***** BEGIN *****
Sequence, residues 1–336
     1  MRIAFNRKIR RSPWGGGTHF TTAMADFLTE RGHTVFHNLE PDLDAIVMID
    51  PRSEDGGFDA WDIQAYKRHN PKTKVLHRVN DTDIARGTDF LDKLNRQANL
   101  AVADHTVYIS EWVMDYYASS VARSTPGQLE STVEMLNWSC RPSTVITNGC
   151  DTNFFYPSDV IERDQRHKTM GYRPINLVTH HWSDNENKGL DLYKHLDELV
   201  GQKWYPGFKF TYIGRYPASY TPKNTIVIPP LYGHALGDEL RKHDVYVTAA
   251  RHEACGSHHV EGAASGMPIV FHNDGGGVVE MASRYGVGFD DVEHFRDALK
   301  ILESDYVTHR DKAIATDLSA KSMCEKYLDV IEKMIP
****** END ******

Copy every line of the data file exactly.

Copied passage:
Sequence, residues 1–336
     1  MRIAFNRKIR RSPWGGGTHF TTAMADFLTE RGHTVFHNLE PDLDAIVMID
    51  PRSEDGGFDA WDIQAYKRHN PKTKVLHRVN DTDIARGTDF LDKLNRQANL
   101  AVADHTVYIS EWVMDYYASS VARSTPGQLE STVEMLNWSC RPSTVITNGC
   151  DTNFFYPSDV IERDQRHKTM GYRPINLVTH HWSDNENKGL DLYKHLDELV
   201  GQKWYPGFKF TYIGRYPASY TPKNTIVIPP LYGHALGDEL RKHDVYVTAA
   251  RHEACGSHHV EGAASGMPIV FHNDGGGVVE MASRYGVGFD DVEHFRDALK
   301  ILESDYVTHR DKAIATDLSA KSMCEKYLDV IEKMIP